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Colloquium Series: Engineering viral biotemplates for nanomaterial synthesis (Kevin Solomon, University of Delaware)

Tuesday, April 27, 2021 @ 4:00 pm - 5:00 pm

Join us on Zoom for our Colloquium Series. This week Kevin Solomon, PhD, from the University of Delaware will be joining us to present “Engineering viral biotemplates for nanomaterial synthesis.”

Abstract. Biotemplating of nanomaterials is a powerful method for the synthesis of metallic nanostructures with applications in energy storage, catalysis, and sensing. Biotemplates derived from viruses, in particular, are attractive due to their hierarchical self-assembly into tunable monodisperse morphologies encoded within their structure. Amino acid side chains presented on the surface readily reduce metallic ions such as Pd and Pt and serve as nucleation sites for nanoparticle deposition and coating. The chemical functionality of these side chains may be reprogrammed via genetic engineering to increase interactions with different metals to diversify subsequent device applications. Similarly, engineering of a nucleic acid molecular ruler and key amino acid residues serve to alter biotemplate morphology and aspect ratio. Work within my lab focuses on barley stripe mosaic virus (BSMV) whose surfaces exhibit additional electrostatic interactions for the rapid deposition of Pd and Pt nanoparticles. In my talk, I will highlight our efforts enabling rapid bacterial production of BSMV viral like particles (VLPs) for the first time, our progress towards tuning of VLP architecture for diverse applications, and the impact of these modifications on nanomaterial synthesis.

Biography. Dr. Kevin Solomon is an Assistant Professor of Chemical & Biomolecular Engineering at the University of Delaware. He holds a bachelor’s degree in Chemical Engineering and Bioengineering from McMaster University (Canada), an MS in Chemical Engineering Practice from MIT, and a PhD in Chemical Engineering from MIT. His work focuses on identifying and developing non-model microbes, microbiomes and viruses from the environment via systems biology and synthetic biology approaches that are well-adapted for applications in sustainability, materials, and health. He has received several academic, teaching, and service awards including the US Department of Energy Early Career Award in 2019, and an Outstanding Faculty Award from Purdue Residences in 2018. He has provided expert testimony before the 116th US House of Representatives on the convergence of engineering and biology and has coauthored technology roadmaps for engineering biology. He has also been featured in Forbes magazine. Dr. Solomon’s work is supported by the NSF, DOE, private trusts and industry.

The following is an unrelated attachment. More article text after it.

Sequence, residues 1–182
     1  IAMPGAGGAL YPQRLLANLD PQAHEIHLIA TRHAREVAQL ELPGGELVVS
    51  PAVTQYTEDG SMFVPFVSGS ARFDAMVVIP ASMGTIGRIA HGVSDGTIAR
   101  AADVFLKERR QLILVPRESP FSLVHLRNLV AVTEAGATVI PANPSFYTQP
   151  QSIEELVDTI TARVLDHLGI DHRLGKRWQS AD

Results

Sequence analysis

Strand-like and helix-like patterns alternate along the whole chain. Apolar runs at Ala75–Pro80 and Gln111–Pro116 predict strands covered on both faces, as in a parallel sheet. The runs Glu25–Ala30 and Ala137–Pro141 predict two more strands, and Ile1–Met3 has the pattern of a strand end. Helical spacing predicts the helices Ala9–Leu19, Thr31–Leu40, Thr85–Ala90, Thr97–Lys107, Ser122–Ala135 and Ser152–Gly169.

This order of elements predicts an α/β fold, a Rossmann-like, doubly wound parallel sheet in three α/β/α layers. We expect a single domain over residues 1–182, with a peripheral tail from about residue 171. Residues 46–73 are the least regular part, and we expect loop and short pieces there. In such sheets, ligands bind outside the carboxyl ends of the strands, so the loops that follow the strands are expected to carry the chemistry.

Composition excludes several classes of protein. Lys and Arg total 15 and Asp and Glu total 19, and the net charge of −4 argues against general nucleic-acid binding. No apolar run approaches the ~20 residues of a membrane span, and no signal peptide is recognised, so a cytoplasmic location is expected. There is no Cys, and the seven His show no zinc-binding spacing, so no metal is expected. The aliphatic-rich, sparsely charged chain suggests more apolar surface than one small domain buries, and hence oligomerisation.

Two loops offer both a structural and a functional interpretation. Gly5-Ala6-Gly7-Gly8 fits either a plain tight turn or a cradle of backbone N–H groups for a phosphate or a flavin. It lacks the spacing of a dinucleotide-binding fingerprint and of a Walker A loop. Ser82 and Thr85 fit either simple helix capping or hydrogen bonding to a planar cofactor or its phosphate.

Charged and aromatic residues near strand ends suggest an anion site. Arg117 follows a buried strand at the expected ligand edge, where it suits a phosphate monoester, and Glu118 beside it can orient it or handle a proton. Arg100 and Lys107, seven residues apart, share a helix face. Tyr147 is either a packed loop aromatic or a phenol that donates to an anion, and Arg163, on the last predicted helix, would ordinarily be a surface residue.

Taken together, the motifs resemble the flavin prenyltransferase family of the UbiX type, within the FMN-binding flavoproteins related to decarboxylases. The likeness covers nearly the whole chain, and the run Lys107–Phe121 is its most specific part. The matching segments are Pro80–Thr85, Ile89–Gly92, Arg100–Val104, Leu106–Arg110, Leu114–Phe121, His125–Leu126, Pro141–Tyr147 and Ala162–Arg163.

The Solomon Lab develops cellular technologies that accelerate the sustainable production of fuels, medicines, materials, and other value added chemicals. Our laboratory is interested in identifying and developing microbes from environmental communities well adapted for the deconstruction and upcycling of complex polymeric materials. In so doing, we develop sustainable routes to a variety of materials and chemicals. We employ systems level -omics approaches to identify key players in these complex communities that we then isolate and reprogram with synthetic biology for various applications. We are also interested in applying these systems biology approaches broadly to diverse cellular systems to tackle engineering applications.


Tuesday, April 27, 2021
4:00 pm - 5:00 pm
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